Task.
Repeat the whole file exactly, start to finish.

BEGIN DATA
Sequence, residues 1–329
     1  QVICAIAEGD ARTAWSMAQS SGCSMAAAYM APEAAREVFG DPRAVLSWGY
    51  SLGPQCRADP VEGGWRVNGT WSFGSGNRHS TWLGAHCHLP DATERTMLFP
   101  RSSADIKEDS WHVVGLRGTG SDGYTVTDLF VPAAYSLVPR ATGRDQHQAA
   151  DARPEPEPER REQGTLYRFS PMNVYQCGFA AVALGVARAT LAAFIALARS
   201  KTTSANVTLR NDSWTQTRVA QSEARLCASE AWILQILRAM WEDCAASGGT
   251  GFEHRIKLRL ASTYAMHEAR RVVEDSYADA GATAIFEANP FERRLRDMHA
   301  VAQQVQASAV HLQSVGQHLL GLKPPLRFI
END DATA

Sequence, residues 1–329
     1  QVICAIAEGD ARTAWSMAQS SGCSMAAAYM APEAAREVFG DPRAVLSWGY
    51  SLGPQCRADP VEGGWRVNGT WSFGSGNRHS TWLGAHCHLP DATERTMLFP
   101  RSSADIKEDS WHVVGLRGTG SDGYTVTDLF VPAAYSLVPR ATGRDQHQAA
   151  DARPEPEPER REQGTLYRFS PMNVYQCGFA AVALGVARAT LAAFIALARS
   201  KTTSANVTLR NDSWTQTRVA QSEARLCASE AWILQILRAM WEDCAASGGT
   251  GFEHRIKLRL ASTYAMHEAR RVVEDSYADA GATAIFEANP FERRLRDMHA
   301  VAQQVQASAV HLQSVGQHLL GLKPPLRFI